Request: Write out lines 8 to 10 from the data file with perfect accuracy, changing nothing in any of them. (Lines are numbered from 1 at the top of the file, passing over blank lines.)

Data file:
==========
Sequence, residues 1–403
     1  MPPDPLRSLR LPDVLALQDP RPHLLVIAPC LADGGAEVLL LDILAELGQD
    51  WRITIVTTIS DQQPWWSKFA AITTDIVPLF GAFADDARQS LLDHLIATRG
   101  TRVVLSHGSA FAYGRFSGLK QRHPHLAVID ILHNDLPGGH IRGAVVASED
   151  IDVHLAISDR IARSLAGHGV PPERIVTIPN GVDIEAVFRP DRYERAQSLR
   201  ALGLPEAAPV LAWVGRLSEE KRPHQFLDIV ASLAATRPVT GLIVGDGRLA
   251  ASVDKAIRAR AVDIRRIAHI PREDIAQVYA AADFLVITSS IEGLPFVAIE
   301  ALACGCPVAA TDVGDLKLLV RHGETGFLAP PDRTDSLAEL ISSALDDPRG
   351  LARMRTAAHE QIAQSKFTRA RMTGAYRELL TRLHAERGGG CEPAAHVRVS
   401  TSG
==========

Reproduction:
   301  ALACGCPVAA TDVGDLKLLV RHGETGFLAP PDRTDSLAEL ISSALDDPRG
   351  LARMRTAAHE QIAQSKFTRA RMTGAYRELL TRLHAERGGG CEPAAHVRVS
   401  TSG